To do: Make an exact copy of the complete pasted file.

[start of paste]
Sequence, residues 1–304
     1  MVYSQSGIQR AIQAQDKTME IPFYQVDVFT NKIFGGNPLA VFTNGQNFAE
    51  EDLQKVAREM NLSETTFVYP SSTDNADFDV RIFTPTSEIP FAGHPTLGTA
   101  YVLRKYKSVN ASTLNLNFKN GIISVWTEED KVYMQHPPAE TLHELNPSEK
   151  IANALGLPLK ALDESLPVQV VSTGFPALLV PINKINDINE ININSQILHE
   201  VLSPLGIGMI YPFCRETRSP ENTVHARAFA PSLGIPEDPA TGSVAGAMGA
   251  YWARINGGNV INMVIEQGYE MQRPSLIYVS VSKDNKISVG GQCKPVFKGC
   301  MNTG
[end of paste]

Sequence, residues 1–304
     1  MVYSQSGIQR AIQAQDKTME IPFYQVDVFT NKIFGGNPLA VFTNGQNFAE
    51  EDLQKVAREM NLSETTFVYP SSTDNADFDV RIFTPTSEIP FAGHPTLGTA
   101  YVLRKYKSVN ASTLNLNFKN GIISVWTEED KVYMQHPPAE TLHELNPSEK
   151  IANALGLPLK ALDESLPVQV VSTGFPALLV PINKINDINE ININSQILHE
   201  VLSPLGIGMI YPFCRETRSP ENTVHARAFA PSLGIPEDPA TGSVAGAMGA
   251  YWARINGGNV INMVIEQGYE MQRPSLIYVS VSKDNKISVG GQCKPVFKGC
   301  MNTG